Young steps down from GTSI posts

Dendy Young announced that he will retire as chairman of the board of GTSI and as a company director following GTSI's next annual shareholder meeting, which should take within the next 30 days.

Young has been a GTSI director since December 1995. He was named chairman of the board in May 1998. Young served as chief executive officer of GTSI from December 1995 to February 2006, when he named Jim Leto president and CEO.

The change will "strengthen the operating and governance structure of our company," Young said at the time. GTSI went through two rounds of layoffs during Young's latter period as chairman and CEO. He called the layoffs an adjustment in size designed to better meet the company's market capacities.

Industry observers correctly predicted that Leto's experience with integrators and consulting firms would result in GTSI's transition from a reseller to the services and high-end solutions business.

Leto said GTSI would look for deals with a higher engineering service content, rather than commodity-oriented indefinite-delivery, indefinite-quantity buys. "GTSI will step up its small business partnership efforts as well," he said.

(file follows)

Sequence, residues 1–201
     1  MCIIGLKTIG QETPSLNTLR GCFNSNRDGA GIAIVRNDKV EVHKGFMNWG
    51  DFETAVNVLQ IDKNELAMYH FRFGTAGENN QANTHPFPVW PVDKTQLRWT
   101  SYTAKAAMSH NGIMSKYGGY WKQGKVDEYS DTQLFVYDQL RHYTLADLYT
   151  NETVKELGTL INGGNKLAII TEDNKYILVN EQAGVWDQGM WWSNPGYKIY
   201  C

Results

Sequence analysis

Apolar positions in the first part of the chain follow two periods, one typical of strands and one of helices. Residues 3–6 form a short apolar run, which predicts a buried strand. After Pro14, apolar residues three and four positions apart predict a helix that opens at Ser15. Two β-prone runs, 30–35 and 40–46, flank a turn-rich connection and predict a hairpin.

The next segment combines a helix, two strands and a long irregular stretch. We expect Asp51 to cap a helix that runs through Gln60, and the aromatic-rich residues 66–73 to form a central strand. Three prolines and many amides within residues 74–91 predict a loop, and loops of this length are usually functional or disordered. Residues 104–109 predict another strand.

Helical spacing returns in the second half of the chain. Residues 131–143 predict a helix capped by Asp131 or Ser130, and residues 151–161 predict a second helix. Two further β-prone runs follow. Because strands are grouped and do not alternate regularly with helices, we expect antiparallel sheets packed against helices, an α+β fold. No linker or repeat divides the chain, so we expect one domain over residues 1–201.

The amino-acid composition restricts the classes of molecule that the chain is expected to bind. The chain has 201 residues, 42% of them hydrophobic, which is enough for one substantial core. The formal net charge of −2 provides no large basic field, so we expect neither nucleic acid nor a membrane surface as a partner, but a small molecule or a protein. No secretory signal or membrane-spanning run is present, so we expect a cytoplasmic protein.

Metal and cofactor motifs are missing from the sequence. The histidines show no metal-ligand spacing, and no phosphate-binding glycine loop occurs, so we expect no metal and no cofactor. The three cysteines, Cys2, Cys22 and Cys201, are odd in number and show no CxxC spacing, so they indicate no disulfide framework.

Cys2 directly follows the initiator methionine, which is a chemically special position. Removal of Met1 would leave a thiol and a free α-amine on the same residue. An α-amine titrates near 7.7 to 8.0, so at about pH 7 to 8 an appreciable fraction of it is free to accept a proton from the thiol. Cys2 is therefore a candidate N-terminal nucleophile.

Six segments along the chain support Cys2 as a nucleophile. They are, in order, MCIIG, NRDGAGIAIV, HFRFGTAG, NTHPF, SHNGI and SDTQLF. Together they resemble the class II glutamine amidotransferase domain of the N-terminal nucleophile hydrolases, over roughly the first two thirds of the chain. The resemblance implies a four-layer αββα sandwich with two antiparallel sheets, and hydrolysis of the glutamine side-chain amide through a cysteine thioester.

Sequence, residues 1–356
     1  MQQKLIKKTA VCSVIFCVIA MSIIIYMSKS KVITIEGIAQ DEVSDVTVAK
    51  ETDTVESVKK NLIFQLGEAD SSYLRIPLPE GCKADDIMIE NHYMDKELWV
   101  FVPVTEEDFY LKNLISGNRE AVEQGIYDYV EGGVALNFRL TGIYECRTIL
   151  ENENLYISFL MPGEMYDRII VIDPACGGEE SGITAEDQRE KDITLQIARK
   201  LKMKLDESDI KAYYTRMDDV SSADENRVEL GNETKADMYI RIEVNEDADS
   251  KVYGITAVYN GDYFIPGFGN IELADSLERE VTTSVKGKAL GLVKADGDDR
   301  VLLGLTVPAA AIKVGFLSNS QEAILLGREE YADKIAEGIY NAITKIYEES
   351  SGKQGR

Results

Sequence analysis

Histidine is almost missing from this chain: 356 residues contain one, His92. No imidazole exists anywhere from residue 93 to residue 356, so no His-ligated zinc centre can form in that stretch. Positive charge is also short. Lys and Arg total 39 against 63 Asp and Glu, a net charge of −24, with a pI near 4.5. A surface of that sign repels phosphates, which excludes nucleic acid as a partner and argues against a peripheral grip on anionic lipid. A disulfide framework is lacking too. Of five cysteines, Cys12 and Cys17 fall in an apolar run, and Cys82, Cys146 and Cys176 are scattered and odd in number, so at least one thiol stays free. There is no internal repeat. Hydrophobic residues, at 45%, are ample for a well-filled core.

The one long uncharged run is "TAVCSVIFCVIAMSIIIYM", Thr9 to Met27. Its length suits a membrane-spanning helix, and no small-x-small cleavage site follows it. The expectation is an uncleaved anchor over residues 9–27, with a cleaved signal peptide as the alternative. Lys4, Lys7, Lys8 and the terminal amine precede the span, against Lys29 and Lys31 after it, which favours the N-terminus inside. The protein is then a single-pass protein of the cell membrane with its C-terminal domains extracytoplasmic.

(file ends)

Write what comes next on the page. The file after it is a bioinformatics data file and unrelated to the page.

Analysts noted that GTSI had been losing ground as a reseller when Young handed over the reins to Leto. In the first six months of 2005, the company reported a net operating loss of $14 million compared to a net loss of only $3 million the same period the year before. And in the third quarter of 2005, ending Sept. 30, GTSI reported an operating profit of $4.7 million compared to a profit of more than $10 million the same quarter the previous year.

For the fourth quarter fiscal 2006, GTSI reported sales of $279.4 million, compared to $278.8 million in the same period the year before, and net income of $9.5 million.

"Dendy and I have been friends for many years," Leto said in a statement on Young's retirement. "He appointed me to the board in 1996 and I continue to appreciate his guidance. An industry 'icon,' Dendy has been a leader in the government contracting arena for nearly three decades. We are grateful for his many contributions and for his 12 years of service to GTSI."

Young said he was most proud of the company's work in solving government customers' technology problems.

GTSI of Chantilly, Va., has 730 employees and ranks No. 27 on Washington Technology's 2006 Top 100 list of the largest federal IT contractors.

About the Author

David Hubler is the former print managing editor for GCN and senior editor for Washington Technology. He is freelance writer living in Annandale, Va.

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